In January Komen for the Cure, which claims to be the global leader in the fight against breast cancer, announced it was pulling an annual $680,000 grant it had been giving to Planned Parenthood for breast cancer awareness. The amount represented only .00068 percent of the PP budget.

 

Justin Martyr: Defending the Faith in life and death

By Bill Warren, New Orleans Baptist Theological Seminary


Justin Martyr, the best-known Christian apologist of the second century, wrote the earliest extant defenses of Christianity we have from the period after the New Testament. Motivated by seeing Christians willing to die rather than recant their faith in Christ, he moved from being a follower of Greek philosophers to being a follower of Christ.


Viewing Christianity as the pinnacle of philosophy and truth, Justin defended Christians against the unsubstantiated charges that were being brought against them: “We demand that the charges against the Christians be investigated, and that, if these be substantiated, they be punished as they deserve; [or rather, indeed, we ourselves will punish them.] But if no one can convict us of anything, true reason forbids you, for the sake of a wicked rumor, to wrong blameless men, and indeed rather yourselves, who think fit to direct affairs, not by judgment, but by passion.” (Justin Martyr, Apology I, Chapter 3) Little did he know that later he himself would suffer from unsubstantiated charges of wrongdoing because of being a Christian.


As for his background, Justin was one of the few non-Jews from the land of Israel, having been born in Samaria near modern day Nablus, apparently with a Roman father who had Roman citizenship. Justin studied most of the major philosophical schools of thought of his day, thereby giving him a strong platform for his later defenses of Christianity as the true philosophy that all should follow. He shifted from one philosophical school to another, with Socrates and Plato capturing his attention mostly, prior to his conversion.

 

Questions We've Pondered

By Archie England, New Orleans Baptist Theological Seminary


Question: Who is the Messiah mentioned in Daniel 9:24-27?


Archie England responds: Daniel foresaw six actions (9:24) that would mark the future messianic event. These six actions are best understood as the first coming of Jesus Christ, since atonement, the closing of Scripture, etc., certainly took place at the first coming. Thus, what Daniel saw was the (theological) impact of the messianic event (cp. Luke 1:16-17; John 4:25). In the light of Israel’s exile, his statements are clearly hopeful: The Messiah will bring much needed change!


Second, nowhere in the Old Testament is the word Messiah (“anointed one”) ever used to denote Satan or Antichrist. This term is exclusively used to denote the consecration of a high priest or to specify the future promised Messiah. Daniel 9:24-27 employed the “messiah” terminology three times, each time providing less definitive identification: “Messiah the Prince”(9:25); “Messiah” and “prince” (apparently equivalent, 9:26); and “he” (9:27, twice).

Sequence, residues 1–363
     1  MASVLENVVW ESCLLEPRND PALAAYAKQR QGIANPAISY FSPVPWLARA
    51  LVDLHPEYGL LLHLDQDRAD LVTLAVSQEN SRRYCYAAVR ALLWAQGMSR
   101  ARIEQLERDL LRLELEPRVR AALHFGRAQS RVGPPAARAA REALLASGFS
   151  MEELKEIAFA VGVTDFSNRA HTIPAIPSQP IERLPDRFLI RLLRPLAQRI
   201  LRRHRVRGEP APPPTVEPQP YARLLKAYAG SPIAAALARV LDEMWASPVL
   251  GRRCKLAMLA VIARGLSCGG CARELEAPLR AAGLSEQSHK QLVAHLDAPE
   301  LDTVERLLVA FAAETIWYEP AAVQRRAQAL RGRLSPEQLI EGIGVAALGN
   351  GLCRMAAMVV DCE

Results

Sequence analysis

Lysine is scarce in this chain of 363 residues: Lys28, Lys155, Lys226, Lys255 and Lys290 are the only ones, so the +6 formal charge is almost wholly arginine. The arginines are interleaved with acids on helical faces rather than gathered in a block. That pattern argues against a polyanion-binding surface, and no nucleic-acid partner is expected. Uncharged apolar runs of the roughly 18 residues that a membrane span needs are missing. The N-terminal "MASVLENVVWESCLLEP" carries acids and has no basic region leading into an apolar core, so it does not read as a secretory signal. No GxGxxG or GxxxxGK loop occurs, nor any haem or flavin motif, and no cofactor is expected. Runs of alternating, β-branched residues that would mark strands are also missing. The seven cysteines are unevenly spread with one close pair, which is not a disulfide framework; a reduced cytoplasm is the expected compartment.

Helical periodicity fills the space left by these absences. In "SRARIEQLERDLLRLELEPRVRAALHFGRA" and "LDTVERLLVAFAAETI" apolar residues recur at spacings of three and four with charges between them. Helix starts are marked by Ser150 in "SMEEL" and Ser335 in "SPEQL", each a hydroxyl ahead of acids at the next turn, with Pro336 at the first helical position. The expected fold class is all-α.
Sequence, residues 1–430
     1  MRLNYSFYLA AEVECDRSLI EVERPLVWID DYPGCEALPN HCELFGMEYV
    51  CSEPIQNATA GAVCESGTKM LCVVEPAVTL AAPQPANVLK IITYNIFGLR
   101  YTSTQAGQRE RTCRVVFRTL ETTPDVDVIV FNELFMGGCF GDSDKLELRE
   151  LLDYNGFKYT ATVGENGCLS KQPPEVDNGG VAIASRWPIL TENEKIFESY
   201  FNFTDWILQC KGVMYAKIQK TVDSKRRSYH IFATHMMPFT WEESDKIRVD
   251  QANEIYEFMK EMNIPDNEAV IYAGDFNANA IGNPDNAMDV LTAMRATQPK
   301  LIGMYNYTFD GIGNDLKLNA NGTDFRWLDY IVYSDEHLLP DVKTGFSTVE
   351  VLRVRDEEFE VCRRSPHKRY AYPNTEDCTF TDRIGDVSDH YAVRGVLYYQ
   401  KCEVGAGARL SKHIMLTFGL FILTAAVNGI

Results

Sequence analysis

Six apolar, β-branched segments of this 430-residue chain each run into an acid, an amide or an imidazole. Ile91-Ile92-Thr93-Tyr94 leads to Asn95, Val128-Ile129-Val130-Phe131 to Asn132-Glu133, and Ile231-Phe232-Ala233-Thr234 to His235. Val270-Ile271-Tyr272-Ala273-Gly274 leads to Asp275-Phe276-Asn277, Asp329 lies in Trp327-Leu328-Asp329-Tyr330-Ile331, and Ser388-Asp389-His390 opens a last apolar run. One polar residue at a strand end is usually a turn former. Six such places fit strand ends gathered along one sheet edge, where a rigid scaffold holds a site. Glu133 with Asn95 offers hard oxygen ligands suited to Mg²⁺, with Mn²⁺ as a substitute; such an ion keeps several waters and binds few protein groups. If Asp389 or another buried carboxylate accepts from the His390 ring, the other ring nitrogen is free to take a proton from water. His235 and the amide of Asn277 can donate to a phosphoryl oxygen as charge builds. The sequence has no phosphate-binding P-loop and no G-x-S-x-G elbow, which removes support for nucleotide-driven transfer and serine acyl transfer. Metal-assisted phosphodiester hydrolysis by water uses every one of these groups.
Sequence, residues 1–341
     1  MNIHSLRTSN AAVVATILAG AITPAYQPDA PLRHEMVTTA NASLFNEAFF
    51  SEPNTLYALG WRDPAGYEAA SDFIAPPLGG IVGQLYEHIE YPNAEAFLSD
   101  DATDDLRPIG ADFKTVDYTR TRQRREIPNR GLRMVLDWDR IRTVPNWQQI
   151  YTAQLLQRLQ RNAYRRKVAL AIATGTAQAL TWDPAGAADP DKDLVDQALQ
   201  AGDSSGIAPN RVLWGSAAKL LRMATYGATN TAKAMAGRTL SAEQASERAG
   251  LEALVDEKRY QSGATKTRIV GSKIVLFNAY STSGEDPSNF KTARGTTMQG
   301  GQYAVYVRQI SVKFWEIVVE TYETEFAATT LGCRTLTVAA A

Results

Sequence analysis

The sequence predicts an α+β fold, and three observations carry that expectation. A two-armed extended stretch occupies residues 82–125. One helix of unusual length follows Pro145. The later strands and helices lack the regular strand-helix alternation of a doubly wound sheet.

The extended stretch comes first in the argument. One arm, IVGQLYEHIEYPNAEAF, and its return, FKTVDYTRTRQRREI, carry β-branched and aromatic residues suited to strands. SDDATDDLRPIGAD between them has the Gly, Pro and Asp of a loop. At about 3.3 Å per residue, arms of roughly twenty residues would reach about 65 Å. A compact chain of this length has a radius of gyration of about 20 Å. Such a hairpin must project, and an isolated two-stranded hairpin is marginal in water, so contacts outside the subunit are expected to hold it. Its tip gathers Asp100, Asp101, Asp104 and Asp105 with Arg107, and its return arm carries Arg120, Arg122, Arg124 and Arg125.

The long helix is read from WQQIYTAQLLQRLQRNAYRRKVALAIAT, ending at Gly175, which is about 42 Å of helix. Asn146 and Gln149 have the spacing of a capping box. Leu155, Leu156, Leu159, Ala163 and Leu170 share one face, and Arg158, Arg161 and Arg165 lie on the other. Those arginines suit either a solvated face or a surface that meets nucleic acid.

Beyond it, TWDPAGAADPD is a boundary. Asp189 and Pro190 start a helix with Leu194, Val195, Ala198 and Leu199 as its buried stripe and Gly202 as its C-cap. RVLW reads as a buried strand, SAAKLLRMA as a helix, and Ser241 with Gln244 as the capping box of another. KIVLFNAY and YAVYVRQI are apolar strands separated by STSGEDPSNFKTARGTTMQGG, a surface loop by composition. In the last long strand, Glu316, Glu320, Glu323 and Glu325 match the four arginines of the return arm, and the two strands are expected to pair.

Tornadoes spawn fresh awareness of growth in Disaster Relief ministries

By Staff, Baptist Message


[img_assist|nid=7988|title=Helping Hand|desc=In Henryville, Ind., relief supplies are unloaded at the back of First Baptist Church, which survived a March 2 tornado that tore through town. The church has become a local hub for relief volunteers and supplies.|link=none|align=right|width=640|height=424]ALEXANDRIA – Despite a swath of tornadoes across the nation’s midsection the first week of March, Disaster Relief volunteers in Lousiana  have not been called to assist in the clean-up, reports the Louisiana Baptist Convention’s  Disaster Relief Director Gibbie McMillan.


“With the exception of the Henryville area near the Indiana/Illinois state lines, each state had enough trained people on hand to meet the need,” McMillan said.


He tied that back to the national response to Hurricane Katrina, which spurred interest in Disaster Relief ministries in Southern Baptist churches across the nation.

 

Disaster Relief Volunteers Receive Awards

By Staff, Baptist Message


LORANGER – Awards were presented recently at the annual Southern Louisiana Disaster Relief Roundtable to four volunteers for their “outstanding contributions to the LBC Disaster Relief program.”


Shira Easley of New Zion Baptist Church Two Rivers Baptist Association received the Ollie McGlone Memorial Disaster Relief Chaplain Award.


Butch and Sandy Bates of Sandy Creek Baptist Church in William Wallace Baptist Association together received the Volunteer of the Year award.